Despite good in vitro and in vivo evidence of the obesogenic effects of TBT, there are no human epidemiological studies on the topic. This study aimed at evaluating the possible impact of prenatal exposure to OTCs (monobutyltin (MBT), dibutyltin (DBT), TBT, TPhT) on the ponderal index (PI) and growth during the first 18 months of life among Finnish boys.

Methods

The study was conducted according to the Helsinki II declaration after informed oral and written consent of the parents. The ethical committee of Turku University Hospital (Finland: 7/1996, 6/2001) approved the study.

Study population and placenta samples

Placenta samples were obtained from a Finnish prospective, longitudinal cohort study performed in 1997–1999 at Turku University Hospital, Turku, Finland. The primary aim of this study was to establish contemporary prevalence rates for cryptorchidism and hypospadias, and at evaluating risk factors by means of a questionnaire and biological samples (blood, placenta, and breast milk). Recruitment strategy, inclusion criteria and clinical examination of the children have been described in previous publications[2830]. Placenta samples were collected from mothers of healthy boys (n = 55) and mothers of boys with cryptorchidism (n = 55) at birth in a nested case–control design. The matching criteria were: parity, maternal smoking (yes/no), diabetes (yes/no), gestational age (±7 days) and date of birth (±14 days).

Chemical and anthropometric measurements

The analyses used to estimate exposure were prospectively planned to include persistent and non-persistent chemicals in breast milk and placenta (EU grant QLK4-CT-2001-00269), most of which have been previously reported, including OTCs from placentas but not from breast milk[29, 3138].

To analyse OTCs from placenta samples, perdeuterated OTCs used as internal standards were added to 0.25 g of dried placenta homogenate. Homogenates were digested with tetramethyl ammonium hydroxide and methanol. Samples were then buffered to pH4 with sodium acetate-acetic acid and OTCs were ethylated with sodiumtetraethylborate. Ethylated OTCs were extracted to hexane and purified with alumina column. Purified extracts were concentrated and subjected to gas chromatography/mass spectrometry (GC/MS) analysis (Agilent 6890 GC/Waters Autospec Ultima high-resolution MS). Limits of quantification (LOQs) were 0.1 ng/g fresh weight (fw) for MBT and DBT, and 0.02 ng/g fw for TBT and TPhT.

Weight and length was obtained for 110 boys at birth, for 107 at 3 months and for 91 at 18 months. Ponderal index (PI) was calculated as kg/m3. Weight and length gain (kg/week, cm/week) were calculated from birth to 3 months and from 3 to 18 months.

Statistics

Background characteristics of mothers and boys were calculated as previously described[33, 34, 38] The concentrations of each OTC compound and the sum of OTCs were grouped into two or three categories, depending on the distribution of concentrations of each OTC. Concentrations below the LOQ were treated as one-half of the respective LOQ in the calculations[24]. Means of weight, length and PI in each OTC category were also calculated.

Because growth rates among healthy and cryptorchid boys may differ, complex samples general linear model weighted for sampling fractions of boys with (121/55) and without (5677/55) cryptorchidism from the total cohort was used to study the association between placenta OTC concentrations and different anthropometric parameters. It has been shown that weighting for sampling fractions can be used for the analysis of case–control data for additional outcomes[39]. Impact of categorised placenta OTC concentrations on PI, weight and length at birth, 3 months and 18 months, and on weight gain (kg/week) and length gain (cm/week) between 0–3 months and 3–18 months were explored using weighted general linear model. Firstly, an analysis across OTC categories without covariates was performed to test crude associations. Secondly, an analysis across OTC categories, adjusted for maternal age at birth, maternal pregnancy body mass index, diabetes (yes/no) and smoking (yes/no) during pregnancy, and infant weight for gestational age, was performed. Weight for gestational age was calculated using national standards[40]. Most covariates were selected based on their known association with weight development in infancy and childhood. The threshold for statistical significance was set at p < 0.05. Reference groups for OTC concentrations were <0.1 ng/g fw for DBT and TBT, <0.02 ng/g fw for TPhT, and <0.25 ng/g fw for the sum of OTCs.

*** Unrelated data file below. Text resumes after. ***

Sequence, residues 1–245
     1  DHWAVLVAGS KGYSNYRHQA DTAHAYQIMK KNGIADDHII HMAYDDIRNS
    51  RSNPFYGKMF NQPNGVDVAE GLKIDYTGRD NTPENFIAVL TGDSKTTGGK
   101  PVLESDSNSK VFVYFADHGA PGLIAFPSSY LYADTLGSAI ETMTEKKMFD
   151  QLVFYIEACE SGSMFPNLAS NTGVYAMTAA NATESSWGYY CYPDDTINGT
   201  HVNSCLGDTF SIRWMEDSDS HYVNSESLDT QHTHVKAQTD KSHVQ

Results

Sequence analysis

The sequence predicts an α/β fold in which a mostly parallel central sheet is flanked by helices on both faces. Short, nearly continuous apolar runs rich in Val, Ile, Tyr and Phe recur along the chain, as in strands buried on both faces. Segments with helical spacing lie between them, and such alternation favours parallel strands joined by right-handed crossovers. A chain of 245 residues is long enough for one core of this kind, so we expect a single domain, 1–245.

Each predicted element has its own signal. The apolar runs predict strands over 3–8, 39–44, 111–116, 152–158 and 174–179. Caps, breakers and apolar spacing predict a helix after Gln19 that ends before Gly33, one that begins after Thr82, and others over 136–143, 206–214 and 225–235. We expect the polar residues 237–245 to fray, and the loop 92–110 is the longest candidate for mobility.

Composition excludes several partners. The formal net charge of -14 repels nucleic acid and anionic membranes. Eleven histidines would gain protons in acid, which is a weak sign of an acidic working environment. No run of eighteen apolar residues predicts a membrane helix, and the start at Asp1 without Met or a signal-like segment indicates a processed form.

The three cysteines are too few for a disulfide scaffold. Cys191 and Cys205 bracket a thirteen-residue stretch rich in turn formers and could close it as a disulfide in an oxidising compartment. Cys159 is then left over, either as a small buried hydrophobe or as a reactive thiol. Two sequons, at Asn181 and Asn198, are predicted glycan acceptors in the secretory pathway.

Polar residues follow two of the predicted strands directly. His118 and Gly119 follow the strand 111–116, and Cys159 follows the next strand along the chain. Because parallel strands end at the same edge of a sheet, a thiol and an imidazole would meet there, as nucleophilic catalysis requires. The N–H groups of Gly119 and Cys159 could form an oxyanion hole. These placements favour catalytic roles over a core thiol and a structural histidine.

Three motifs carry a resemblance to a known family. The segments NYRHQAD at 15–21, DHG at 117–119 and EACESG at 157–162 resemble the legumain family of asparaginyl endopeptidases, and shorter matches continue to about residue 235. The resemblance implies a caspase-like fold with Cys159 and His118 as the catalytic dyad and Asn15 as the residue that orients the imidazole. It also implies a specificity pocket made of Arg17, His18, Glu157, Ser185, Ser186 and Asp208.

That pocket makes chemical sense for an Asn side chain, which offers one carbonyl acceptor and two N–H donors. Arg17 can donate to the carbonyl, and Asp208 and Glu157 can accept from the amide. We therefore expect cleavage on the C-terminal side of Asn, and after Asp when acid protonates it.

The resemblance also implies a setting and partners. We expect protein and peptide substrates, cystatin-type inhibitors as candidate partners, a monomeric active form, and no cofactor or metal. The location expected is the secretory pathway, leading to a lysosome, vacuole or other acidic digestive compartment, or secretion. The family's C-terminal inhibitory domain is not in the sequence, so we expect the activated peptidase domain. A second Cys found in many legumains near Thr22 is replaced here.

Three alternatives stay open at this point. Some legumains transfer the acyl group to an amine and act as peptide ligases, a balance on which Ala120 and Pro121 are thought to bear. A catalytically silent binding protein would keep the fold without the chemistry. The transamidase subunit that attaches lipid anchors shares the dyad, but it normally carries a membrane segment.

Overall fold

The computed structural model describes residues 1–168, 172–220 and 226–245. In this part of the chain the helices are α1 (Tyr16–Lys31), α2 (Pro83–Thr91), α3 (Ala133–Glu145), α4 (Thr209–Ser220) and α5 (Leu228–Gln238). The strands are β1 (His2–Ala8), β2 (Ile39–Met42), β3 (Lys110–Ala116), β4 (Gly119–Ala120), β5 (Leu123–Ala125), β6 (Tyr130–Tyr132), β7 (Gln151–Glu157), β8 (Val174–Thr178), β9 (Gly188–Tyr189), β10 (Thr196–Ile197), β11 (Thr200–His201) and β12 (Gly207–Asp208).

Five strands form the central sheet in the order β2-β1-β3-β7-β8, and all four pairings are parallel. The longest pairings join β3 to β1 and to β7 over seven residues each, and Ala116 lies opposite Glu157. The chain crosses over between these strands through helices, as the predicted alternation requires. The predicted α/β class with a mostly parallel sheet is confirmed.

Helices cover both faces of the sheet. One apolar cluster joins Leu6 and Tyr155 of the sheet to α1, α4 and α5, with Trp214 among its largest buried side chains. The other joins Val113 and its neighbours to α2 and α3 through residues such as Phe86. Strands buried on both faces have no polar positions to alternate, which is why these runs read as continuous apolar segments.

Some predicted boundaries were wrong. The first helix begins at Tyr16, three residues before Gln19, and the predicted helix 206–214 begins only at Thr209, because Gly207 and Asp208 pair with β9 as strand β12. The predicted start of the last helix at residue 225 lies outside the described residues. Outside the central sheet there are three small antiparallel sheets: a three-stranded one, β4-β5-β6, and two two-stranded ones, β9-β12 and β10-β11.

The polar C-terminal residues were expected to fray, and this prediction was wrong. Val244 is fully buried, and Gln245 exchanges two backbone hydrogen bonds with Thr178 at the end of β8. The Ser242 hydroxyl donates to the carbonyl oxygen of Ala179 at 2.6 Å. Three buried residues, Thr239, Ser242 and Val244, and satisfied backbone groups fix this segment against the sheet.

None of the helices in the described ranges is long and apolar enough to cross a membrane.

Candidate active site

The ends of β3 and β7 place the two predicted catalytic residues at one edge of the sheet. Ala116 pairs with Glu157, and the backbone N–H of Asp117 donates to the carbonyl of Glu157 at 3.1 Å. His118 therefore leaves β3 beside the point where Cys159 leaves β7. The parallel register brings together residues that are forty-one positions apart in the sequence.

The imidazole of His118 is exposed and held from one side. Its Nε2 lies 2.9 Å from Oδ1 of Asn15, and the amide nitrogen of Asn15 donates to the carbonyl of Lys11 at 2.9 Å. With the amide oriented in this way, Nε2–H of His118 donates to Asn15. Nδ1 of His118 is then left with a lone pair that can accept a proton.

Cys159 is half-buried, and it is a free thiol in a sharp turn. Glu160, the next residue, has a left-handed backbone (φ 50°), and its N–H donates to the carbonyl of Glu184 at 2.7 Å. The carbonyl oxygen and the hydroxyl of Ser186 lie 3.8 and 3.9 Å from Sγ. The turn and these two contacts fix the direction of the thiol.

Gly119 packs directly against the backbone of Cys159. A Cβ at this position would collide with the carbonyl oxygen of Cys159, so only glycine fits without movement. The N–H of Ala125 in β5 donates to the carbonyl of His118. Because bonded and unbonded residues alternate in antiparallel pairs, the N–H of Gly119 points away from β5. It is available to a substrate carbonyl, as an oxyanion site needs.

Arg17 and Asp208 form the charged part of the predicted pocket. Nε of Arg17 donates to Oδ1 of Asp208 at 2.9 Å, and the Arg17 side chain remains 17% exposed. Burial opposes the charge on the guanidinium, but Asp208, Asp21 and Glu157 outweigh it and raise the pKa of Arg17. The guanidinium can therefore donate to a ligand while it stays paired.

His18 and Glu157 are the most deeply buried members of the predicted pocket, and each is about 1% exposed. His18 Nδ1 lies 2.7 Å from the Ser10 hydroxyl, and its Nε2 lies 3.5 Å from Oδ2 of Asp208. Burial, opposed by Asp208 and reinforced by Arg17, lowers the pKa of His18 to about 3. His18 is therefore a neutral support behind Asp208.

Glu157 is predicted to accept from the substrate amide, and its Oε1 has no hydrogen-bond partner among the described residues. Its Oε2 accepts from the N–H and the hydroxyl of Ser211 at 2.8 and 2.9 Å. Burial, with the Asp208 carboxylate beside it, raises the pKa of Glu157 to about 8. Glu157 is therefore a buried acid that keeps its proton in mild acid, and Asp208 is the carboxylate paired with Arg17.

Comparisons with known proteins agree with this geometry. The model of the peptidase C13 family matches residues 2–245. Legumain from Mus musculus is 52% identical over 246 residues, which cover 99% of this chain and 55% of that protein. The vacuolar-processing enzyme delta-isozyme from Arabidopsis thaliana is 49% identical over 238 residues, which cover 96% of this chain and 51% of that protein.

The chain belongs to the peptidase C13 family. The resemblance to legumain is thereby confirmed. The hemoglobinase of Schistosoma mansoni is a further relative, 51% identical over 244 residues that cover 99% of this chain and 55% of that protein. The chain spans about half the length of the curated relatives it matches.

Information on the duration of total and/or partial breast feeding was available for 80 of 110 study subjects. A breast feeding index was constructed from these data for the periods 0–3 months and 3–18 months and included as a covariate in an additional weighted general linear model.

Dioxin and PCB levels have previously been analysed from the placenta samples of the current study[38]. Because the sum of dioxin and PCB toxic equivalences (total-TEQ) in breast milk has been associated with increased early length and weight gain[41], and because human intake of both OTCs, dioxins, and PCBs is accounted by the same source, i.e. fish[6, 42] possible confounding was assessed by including log-transformed total TEQ sum as a covariate in a separate weighted general linear model. Also Sprearman rank correlation between total-TEQ and TBT was calculated.

Finally, to study the association between categorised placenta OTC concentrations and anthropometric parameters only among the healthy boys (n = 55), analysis of variance adjusted for maternal age at birth, maternal pregnancy body mass index and smoking (yes/no) during pregnancy, and infant weight for gestational age, was performed. There were no diabetics among mothers of healthy boys, and it was thus not included as covariate.